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$11.4 trillion national debt? no, how about $100 trillion

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posted on Jun, 17 2009 @ 10:08 PM
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reply to post by jam321


fast forward 70 or so years and ask this question: What is the mathematical predicament of Social Security today? Answer: The amount of money the Social Security system would need today to cover all unfunded liabilities from now on—what fiscal economists call the “infinite horizon discounted value” of what has already been promised recipients but has no funding mechanism currently in place—is $13.6 trillion, an amount slightly less than the annual gross domestic product of the United States.


In other words, if we payed for "70 or so years" of SS TODAY, it would cost 13.6 trillion dollars.

If we payed for "75 years worth of all parts of medicare," TODAY, it would cost 34 trillion dollars.

Fortunately, in 75 years time, the economy will grow, the money supply will grow (as it has been and always will); in other words: Today's debt becomes cheaper tomorrow.


My question to jam321, is why are you trying to book 75+ years worth of expenses, not account for changes in the economy or value of the dollar, and pay for them today? I'm not noticing any consideration for any other factors that can offset the costs, making them appear less scary.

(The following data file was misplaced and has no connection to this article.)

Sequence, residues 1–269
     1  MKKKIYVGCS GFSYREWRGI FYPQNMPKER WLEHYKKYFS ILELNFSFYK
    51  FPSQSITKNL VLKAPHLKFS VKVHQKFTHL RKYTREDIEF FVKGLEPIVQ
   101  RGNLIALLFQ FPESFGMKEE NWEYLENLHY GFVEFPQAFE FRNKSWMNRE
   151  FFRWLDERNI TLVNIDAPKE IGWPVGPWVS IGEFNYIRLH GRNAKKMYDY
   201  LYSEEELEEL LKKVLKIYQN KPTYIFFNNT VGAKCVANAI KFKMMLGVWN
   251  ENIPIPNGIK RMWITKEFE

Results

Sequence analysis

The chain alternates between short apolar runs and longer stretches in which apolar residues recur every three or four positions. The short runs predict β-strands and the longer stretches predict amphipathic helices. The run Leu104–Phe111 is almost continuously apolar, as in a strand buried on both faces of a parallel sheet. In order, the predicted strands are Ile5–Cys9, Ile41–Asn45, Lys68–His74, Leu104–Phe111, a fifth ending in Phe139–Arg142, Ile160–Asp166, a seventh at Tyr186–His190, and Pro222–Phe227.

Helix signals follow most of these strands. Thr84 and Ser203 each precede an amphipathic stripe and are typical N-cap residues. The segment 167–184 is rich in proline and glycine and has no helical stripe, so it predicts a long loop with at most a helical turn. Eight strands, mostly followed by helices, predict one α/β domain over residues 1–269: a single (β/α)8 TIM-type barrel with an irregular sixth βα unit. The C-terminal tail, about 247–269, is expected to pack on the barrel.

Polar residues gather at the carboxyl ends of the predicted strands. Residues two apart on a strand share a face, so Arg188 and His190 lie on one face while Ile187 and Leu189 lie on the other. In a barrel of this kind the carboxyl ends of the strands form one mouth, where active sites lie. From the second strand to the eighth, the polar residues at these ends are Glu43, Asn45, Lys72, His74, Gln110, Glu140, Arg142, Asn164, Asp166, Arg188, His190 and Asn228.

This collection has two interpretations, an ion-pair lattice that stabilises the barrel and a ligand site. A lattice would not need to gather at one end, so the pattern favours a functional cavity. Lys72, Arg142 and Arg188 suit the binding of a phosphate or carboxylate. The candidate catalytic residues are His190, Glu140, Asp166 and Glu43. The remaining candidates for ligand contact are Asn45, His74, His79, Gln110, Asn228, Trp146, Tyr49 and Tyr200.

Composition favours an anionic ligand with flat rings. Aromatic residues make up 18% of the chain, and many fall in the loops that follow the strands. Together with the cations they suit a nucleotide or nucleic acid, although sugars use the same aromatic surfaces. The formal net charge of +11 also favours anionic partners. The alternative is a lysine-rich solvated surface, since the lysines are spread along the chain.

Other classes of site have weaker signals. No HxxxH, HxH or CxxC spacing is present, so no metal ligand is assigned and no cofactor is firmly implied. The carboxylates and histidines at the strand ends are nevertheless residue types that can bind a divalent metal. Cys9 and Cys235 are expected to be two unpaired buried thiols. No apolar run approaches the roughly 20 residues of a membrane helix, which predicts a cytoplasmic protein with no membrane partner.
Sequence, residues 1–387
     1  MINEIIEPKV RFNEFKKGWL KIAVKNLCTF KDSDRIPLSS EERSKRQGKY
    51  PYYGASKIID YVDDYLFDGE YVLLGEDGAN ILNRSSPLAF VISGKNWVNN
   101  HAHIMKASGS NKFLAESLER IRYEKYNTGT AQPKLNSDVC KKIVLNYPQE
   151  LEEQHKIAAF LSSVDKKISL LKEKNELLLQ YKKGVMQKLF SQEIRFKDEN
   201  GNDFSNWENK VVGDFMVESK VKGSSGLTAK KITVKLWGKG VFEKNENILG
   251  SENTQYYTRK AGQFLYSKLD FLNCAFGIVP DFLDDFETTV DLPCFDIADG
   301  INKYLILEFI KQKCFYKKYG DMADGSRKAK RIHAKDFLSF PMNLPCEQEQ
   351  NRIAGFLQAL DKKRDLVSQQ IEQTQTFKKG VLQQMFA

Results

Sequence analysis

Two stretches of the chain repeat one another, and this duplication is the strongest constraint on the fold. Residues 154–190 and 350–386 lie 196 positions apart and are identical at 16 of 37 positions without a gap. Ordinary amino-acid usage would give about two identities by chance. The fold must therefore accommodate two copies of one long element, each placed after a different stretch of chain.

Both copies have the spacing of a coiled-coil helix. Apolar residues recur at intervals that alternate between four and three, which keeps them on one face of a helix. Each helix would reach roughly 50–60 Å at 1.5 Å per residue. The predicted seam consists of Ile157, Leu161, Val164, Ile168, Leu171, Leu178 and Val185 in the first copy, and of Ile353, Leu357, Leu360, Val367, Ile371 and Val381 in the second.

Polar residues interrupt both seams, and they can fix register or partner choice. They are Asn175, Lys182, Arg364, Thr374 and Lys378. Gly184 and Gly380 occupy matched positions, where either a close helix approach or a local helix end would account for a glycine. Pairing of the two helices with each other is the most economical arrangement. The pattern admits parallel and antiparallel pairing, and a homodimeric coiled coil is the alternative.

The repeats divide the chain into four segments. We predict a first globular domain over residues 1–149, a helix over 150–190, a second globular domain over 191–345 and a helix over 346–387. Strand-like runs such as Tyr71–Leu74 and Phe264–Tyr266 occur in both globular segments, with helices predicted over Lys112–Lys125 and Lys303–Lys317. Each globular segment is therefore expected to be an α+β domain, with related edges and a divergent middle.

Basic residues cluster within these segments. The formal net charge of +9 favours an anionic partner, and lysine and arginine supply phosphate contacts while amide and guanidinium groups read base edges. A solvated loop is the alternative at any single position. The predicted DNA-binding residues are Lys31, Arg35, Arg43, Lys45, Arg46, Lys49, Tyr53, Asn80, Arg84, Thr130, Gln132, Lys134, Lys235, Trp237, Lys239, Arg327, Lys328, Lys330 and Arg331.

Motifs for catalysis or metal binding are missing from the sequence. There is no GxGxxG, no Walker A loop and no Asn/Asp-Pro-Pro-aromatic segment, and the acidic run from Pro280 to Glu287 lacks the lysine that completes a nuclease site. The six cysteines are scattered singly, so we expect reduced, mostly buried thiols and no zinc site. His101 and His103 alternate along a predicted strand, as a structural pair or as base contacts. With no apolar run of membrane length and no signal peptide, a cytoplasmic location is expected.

Then again, it's much more fun to just think the world is ending, than be realistic about scare stories in the news. I'm sure WSJ thanks you for the advertising revenue.




posted on Jun, 17 2009 @ 11:12 PM
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Originally posted by Kaytagg
reply to post by jam321


fast forward 70 or so years and ask this question: What is the mathematical predicament of Social Security today? Answer: The amount of money the Social Security system would need today to cover all unfunded liabilities from now on—what fiscal economists call the “infinite horizon discounted value” of what has already been promised recipients but has no funding mechanism currently in place—is $13.6 trillion, an amount slightly less than the annual gross domestic product of the United States.


In other words, if we payed for "70 or so years" of SS TODAY, it would cost 13.6 trillion dollars.

If we payed for "75 years worth of all parts of medicare," TODAY, it would cost 34 trillion dollars.

Fortunately, in 75 years time, the economy will grow, the money supply will grow (as it has been and always will); in other words: Today's debt becomes cheaper tomorrow.


My question to jam321, is why are you trying to book 75+ years worth of expenses, not account for changes in the economy or value of the dollar, and pay for them today? I'm not noticing any consideration for any other factors that can offset the costs, making them appear less scary.

Then again, it's much more fun to just think the world is ending, than be realistic about scare stories in the news. I'm sure WSJ thanks you for the advertising revenue.


Here are the reasons this total needs to be looked at now.

1. Since 1968 the government has run a deficit every year but 2000
This is a very good indicator there is no desire to pay down any of the debt.